Both offer a shopping cart, but you don’t have to use it. You can implement the cart on your own site, and use the services only for payment of the total. PayPal also can be used this way, but the other third party credit card processors require you to use their internal catalogs.
Another feature offered by PayPal, 2CheckOut, and PaySystems, but none of the other third party credit card processors is the ability to post purchase information back to a script on your site. This allows you to store order information in a database, and send an automated message to customers after verifying payment – for example, a software registration code.
PayPal and 2CheckOut post back instantly, while with PaySystems there’s a 2-3 hour delay for fraud screening. PayPal doesn’t require fraud screening because the money is in hand, but 2CheckOut does, and it’s disconcerting to receive fraud alerts after your script has already mailed out software registration codes. 2CheckOut is aware of this problem and is working on a solution.
There are a few other differences. 2CheckOut allows you to customize the order form with a header and footer so the look matches your own site. PaySystems’ checkout page is visually aggressive and there is no ability to customize it. 2CheckOut allows you to add your company’s name to the descriptor line on the customer’s credit card bill, while PaySystems does not.
Also, to avoid liability beyond the purchase price, PaySystems checkout page insists that it sells only “PaySystem points” that are redeemable for products or services, but does not sell the actual products or services themselves. They are the only third party processor to describe themselves as a third party processor rather than a reseller. The point message on the checkout page is confusing, and may make some customers uncomfortable.
PaySystems also has some image problems because they handle credit card processing for quite a few scammers and spammers – for example, vendors selling penis enlargement pills. PaySystems says they will shut down any account after two complaints for spamming, but few people think to complain to a company’s credit card processor, and their support of these companies has tarnished their reputation. For example, one Web site devoted to monitoring internet scams warns that sites using PaySystems to process credit cards are more likely to be scams.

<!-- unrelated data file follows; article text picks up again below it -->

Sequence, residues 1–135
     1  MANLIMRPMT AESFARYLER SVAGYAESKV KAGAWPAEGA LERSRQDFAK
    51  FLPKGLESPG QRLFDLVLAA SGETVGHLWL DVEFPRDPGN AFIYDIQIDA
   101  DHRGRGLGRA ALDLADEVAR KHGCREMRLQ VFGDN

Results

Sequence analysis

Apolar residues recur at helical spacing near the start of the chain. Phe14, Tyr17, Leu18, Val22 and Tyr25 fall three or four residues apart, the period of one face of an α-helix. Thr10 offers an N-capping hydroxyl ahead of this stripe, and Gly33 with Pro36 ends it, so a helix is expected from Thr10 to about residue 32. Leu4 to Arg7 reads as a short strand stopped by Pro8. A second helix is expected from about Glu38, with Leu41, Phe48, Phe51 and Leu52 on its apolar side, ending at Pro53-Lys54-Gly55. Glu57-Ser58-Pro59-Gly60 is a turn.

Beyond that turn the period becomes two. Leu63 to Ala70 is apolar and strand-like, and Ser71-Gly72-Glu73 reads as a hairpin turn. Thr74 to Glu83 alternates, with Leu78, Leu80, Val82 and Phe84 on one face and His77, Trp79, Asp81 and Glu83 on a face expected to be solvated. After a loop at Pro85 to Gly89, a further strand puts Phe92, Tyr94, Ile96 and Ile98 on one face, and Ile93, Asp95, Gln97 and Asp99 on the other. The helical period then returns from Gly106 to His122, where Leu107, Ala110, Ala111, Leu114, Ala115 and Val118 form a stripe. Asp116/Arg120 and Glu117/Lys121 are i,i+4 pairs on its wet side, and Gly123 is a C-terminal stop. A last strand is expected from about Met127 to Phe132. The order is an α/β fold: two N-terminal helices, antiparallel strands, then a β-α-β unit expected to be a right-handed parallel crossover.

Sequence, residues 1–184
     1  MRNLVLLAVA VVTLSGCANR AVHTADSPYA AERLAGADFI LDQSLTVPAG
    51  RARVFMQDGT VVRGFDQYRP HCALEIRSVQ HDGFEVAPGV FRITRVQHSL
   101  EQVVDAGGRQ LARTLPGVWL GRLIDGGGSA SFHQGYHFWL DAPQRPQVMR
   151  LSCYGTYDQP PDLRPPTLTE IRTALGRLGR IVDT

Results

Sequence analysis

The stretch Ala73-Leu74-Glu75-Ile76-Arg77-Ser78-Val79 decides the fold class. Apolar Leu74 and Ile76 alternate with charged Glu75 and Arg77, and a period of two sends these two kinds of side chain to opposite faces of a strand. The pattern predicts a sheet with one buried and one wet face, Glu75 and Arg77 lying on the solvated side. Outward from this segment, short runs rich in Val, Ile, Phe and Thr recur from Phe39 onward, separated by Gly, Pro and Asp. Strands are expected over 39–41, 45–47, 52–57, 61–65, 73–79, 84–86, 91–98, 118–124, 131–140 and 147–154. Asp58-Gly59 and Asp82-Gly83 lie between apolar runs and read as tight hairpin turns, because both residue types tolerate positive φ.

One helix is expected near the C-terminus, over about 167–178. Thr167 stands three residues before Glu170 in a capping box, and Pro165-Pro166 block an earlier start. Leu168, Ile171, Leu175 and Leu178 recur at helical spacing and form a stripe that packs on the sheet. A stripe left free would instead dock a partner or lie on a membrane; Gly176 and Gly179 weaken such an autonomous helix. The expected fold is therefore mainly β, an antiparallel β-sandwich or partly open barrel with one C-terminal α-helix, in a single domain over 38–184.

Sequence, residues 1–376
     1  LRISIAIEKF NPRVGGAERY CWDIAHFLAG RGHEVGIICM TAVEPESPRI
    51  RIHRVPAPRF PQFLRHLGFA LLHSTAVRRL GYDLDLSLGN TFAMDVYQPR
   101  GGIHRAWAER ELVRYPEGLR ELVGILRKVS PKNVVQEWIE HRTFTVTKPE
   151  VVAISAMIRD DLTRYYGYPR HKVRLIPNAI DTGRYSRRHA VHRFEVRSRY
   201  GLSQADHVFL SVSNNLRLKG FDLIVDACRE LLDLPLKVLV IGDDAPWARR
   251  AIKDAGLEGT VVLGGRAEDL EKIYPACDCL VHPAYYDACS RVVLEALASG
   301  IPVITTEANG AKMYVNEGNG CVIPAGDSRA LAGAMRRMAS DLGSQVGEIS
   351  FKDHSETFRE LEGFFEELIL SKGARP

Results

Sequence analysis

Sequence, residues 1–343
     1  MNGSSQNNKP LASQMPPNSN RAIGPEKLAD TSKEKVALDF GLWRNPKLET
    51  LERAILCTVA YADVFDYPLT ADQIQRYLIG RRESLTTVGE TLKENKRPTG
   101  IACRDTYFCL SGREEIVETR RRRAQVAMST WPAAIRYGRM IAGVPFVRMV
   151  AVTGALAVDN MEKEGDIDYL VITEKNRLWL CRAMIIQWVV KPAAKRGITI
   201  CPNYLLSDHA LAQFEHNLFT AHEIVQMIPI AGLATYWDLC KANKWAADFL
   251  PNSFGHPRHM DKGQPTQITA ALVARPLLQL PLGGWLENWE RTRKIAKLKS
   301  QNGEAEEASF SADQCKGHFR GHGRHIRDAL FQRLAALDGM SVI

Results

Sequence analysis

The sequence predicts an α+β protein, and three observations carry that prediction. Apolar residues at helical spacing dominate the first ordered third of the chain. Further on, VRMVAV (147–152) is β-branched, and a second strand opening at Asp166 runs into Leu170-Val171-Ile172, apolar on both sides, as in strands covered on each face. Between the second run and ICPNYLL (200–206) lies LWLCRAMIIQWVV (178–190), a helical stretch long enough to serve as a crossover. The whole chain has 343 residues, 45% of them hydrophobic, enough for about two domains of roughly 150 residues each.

Both 2CheckOut and PaySystems have been victimized in the rash of Distributed Denial of Service (DDoS) attacks over the last year. PaySystems moved to a distributed network with redundancy to protect against such attacks. 2CheckOut did the same after a particular devastating attack over Thanksgiving weekend in 2003.
All the other third party credit card processors cost more and are less flexible, but sometimes offer special features related to specific industries. For example, the shareware processor RegNow (regnow.com, owned by Digital River) charges an astronomical 20% transaction fee, but gives access to affiliate programs for increasing sales, and optionally will host downloads for a penny a megabyte.
ClickBank (www.clickbank.com) also offers an affiliate program. Products are restricted to digital goods and services that can be delivered over the internet. Also, only one product can be purchased at a time – you can’t set up a list of products. There’s a $49 activation fee; the transaction fee is 7.5% plus $1.
Kagi (www.kagi.com) allows both tangible and digital goods and services, with a product list rather than a shopping cart. There are no setup or monthly fees. Transaction fees but average around 8-10%.
The only other third party processor offering a shopping cart is CCNow, a Digital River service that is restricted to tangible goods. Use of the shopping cart is required. The cost is $9.95 per month ($11.95 outside the US), plus 9% for sales in excess of $100 (11% outside the US).
Secure Forms & Gateways
The trickiest part of creating an online store is accepting payment because you have to securely obtain the customer’s credit card, and then securely transmit it for processing. Whether you want to obtain authorization immediately or enter the credit card manually when you fill the order, the information must be encrypted during data entry and subsequent transmission.